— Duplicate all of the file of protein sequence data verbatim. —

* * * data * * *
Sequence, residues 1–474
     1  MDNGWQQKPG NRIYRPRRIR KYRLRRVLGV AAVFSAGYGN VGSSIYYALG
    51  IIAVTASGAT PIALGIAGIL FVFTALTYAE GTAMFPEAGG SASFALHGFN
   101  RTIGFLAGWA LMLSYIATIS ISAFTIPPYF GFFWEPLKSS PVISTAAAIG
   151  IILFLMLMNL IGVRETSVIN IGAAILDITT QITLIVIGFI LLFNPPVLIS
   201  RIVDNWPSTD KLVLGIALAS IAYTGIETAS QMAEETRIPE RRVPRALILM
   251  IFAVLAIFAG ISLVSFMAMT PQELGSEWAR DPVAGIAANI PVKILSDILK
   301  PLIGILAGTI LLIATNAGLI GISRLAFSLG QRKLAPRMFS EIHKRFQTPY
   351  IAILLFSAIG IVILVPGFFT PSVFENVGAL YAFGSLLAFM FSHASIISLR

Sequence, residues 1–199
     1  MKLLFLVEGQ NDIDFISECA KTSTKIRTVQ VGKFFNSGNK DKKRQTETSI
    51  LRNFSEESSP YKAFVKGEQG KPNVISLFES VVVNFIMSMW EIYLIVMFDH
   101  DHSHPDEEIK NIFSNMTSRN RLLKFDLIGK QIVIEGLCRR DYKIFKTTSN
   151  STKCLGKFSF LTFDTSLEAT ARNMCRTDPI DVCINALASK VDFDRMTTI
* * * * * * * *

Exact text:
Sequence, residues 1–474
     1  MDNGWQQKPG NRIYRPRRIR KYRLRRVLGV AAVFSAGYGN VGSSIYYALG
    51  IIAVTASGAT PIALGIAGIL FVFTALTYAE GTAMFPEAGG SASFALHGFN
   101  RTIGFLAGWA LMLSYIATIS ISAFTIPPYF GFFWEPLKSS PVISTAAAIG
   151  IILFLMLMNL IGVRETSVIN IGAAILDITT QITLIVIGFI LLFNPPVLIS
   201  RIVDNWPSTD KLVLGIALAS IAYTGIETAS QMAEETRIPE RRVPRALILM
   251  IFAVLAIFAG ISLVSFMAMT PQELGSEWAR DPVAGIAANI PVKILSDILK
   301  PLIGILAGTI LLIATNAGLI GISRLAFSLG QRKLAPRMFS EIHKRFQTPY
   351  IAILLFSAIG IVILVPGFFT PSVFENVGAL YAFGSLLAFM FSHASIISLR

Sequence, residues 1–199
     1  MKLLFLVEGQ NDIDFISECA KTSTKIRTVQ VGKFFNSGNK DKKRQTETSI
    51  LRNFSEESSP YKAFVKGEQG KPNVISLFES VVVNFIMSMW EIYLIVMFDH
   101  DHSHPDEEIK NIFSNMTSRN RLLKFDLIGK QIVIEGLCRR DYKIFKTTSN
   151  STKCLGKFSF LTFDTSLEAT ARNMCRTDPI DVCINALASK VDFDRMTTI